Kazuyo Sejima’s sophisticated aesthetic is a quest for airiness, dematerialization and idealism.
According to Kazuyo Sejima, the most sought-after architect in Japan, architecture is how people meet in space.
Kazuyo Sejima doesn’t consider any of her projects to be finished until its inhabitants put life into it.
The social aspect of her work is realized through a signature fluid style that is intertwined with nature and blends outdoor spaces with the interiors: metal, glass and marble for transparent, breathtaking yet delicate lines that gently slip into the landscapes.
With a master degree in architecture from the Japan Women’s University, Sejima has been working with Toyo Ito, an uncontested Japanese architectural master, before founding her own practice in 1987.
Her early projects have an interesting approach to transience and neutrality, but it is in the first years of the ’90s that Sejima established herself as one of the most refined personalities in Japanese architecture while founding SANAA, a new practice developed along with Ryue Nishizawa.
New Museum of Contemporary Art – New York City
This sharp, strong impact building gained SANAA an international reputation: located into the dense urban setting of Lower Manhattan, the New Museum of Contemporary Art interacts with the surroundings ‘boxes’ replying them one on top of the other with small but significant shifts off-axis that allow for terraces and variations.
Each space of the seven-story monolithic building is filled with light and built with the use of industrial materials, with the glass storefront conferring a deliberate openness to the museum’s new arts and ideas.
Rolex Learning Center – Lausanne
2010 was a great year for Kazuyo Sejima. Along with Ryue Nishizawa, the architect won the Pritzker Prize and she was the first woman to direct the Venice Biennale and inaugurated one of SANAA‘s most famous projects.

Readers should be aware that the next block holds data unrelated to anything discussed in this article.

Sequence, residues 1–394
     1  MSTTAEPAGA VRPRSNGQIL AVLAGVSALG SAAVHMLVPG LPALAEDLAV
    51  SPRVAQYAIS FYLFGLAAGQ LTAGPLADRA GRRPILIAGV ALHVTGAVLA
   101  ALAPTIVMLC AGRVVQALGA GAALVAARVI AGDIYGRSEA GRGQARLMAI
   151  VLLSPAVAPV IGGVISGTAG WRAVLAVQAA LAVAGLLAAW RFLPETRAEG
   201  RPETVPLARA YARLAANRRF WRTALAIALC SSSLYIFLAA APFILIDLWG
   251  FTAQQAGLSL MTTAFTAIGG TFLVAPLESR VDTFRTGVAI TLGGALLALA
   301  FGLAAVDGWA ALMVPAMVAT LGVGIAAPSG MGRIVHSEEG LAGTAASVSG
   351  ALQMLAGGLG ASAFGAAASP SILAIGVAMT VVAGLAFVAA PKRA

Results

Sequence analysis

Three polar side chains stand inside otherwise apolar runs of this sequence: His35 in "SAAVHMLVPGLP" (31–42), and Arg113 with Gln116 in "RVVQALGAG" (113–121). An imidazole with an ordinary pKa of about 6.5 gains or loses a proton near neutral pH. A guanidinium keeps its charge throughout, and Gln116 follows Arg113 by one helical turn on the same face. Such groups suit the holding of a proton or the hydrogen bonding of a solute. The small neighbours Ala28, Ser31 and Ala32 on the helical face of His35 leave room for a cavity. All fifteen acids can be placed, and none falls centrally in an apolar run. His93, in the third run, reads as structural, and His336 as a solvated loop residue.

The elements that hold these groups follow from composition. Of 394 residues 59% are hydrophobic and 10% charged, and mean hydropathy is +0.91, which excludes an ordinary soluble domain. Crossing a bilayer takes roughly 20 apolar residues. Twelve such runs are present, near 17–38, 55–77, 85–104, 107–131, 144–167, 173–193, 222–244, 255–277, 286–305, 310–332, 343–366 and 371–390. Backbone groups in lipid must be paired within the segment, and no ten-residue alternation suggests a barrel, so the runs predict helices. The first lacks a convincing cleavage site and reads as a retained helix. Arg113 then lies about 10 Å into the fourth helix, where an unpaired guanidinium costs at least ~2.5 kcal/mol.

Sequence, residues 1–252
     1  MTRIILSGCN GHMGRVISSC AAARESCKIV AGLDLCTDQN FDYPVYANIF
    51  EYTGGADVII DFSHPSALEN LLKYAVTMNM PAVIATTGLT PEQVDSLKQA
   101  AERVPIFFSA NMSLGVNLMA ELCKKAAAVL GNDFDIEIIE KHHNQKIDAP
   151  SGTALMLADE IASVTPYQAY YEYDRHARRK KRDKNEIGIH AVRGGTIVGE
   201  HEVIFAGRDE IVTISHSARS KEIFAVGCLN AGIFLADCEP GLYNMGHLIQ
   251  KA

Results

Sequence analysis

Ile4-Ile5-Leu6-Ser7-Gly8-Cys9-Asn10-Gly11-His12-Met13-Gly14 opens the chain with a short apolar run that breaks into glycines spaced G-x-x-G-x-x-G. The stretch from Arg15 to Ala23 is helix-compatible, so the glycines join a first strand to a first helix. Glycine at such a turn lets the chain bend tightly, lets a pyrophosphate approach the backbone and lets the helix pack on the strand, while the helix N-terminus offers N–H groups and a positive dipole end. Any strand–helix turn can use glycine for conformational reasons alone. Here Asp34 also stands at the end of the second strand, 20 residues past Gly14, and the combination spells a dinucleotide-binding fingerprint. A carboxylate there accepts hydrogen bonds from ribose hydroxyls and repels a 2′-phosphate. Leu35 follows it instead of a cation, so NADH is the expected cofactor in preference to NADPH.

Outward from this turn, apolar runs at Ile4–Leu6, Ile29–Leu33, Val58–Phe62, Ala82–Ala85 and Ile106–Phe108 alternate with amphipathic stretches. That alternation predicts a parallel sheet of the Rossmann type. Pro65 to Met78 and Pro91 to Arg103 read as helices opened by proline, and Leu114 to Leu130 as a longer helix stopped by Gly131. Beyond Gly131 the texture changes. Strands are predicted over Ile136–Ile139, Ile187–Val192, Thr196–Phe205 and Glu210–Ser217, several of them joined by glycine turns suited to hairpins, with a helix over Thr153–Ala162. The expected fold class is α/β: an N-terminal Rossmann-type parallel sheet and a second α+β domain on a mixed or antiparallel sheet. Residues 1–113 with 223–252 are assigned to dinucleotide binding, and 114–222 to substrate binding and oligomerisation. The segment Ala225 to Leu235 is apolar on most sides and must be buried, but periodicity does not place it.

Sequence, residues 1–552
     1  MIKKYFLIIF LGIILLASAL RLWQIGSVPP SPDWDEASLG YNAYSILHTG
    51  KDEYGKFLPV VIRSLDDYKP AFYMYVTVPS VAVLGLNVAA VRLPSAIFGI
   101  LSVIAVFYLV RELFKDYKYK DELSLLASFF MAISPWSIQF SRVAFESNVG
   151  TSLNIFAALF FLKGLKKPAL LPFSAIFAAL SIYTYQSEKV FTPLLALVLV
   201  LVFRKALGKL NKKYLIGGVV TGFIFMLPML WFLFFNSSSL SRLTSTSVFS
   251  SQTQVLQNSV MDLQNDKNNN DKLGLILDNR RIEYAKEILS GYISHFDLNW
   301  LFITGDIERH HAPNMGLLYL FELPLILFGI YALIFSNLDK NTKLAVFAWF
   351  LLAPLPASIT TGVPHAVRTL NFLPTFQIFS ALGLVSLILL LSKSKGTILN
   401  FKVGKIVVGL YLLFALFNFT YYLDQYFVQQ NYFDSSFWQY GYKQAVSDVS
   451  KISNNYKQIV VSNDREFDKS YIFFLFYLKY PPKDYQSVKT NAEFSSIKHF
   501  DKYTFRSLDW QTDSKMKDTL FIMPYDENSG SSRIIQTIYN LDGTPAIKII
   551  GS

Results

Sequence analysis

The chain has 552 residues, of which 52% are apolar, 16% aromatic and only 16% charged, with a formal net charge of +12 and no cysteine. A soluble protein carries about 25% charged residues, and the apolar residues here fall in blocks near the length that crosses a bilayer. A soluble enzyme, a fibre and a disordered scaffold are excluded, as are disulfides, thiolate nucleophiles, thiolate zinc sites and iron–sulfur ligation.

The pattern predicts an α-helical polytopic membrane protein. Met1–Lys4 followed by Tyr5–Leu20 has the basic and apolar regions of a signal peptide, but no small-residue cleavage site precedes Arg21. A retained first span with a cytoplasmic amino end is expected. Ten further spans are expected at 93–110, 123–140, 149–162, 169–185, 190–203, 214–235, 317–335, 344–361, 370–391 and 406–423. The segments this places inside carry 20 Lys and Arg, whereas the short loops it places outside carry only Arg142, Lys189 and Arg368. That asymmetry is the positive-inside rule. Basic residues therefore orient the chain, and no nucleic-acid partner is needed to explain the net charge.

The Rolex Learning Center in Lausanne is a pleasant walk on a hill with a view on the lake and on the Alps: taking into account the new studying methodology and the new forms of interaction of the XXI century, the gigantic, fluid, squared open space offers the necessary flexibility for a versatile living that emphasizes the possibilities of meetings and sociality.
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Zollverein School of Management and Design – Essen
For Sejima and Nishizawa the Zollverein School was the first project in Europe: an almost perfect 35-meter concrete cube that stands in strong contrast with the surroundings, acting as a bridge between the suburban texture and the future design development of the site, realized by Rem Koolhaas/OMA.
Sumida Hokusai Museum – Tokyo
A temple to the work of Sumida Hokusai, the Hokusai museum was designed as a cultural lighthouse accessible from all sides of the surroundings: a 4 story slightly mirrored angular building that gently reflects scenes from the downtown area, inviting the locals to come closer to the work of Japan’s most famous artist.
Louvre-Lens Museum – Lens
A short structure that harmoniously merges with the landscape, with slightly curved facades that sometimes reflects the outside, sometimes blends with it.
The spectacular Lens detachment of the world’s most famous museum is surrounded by a park that constitutes an essential part in the identity of the museum, with suggested paths, picnic areas and en plain air events.
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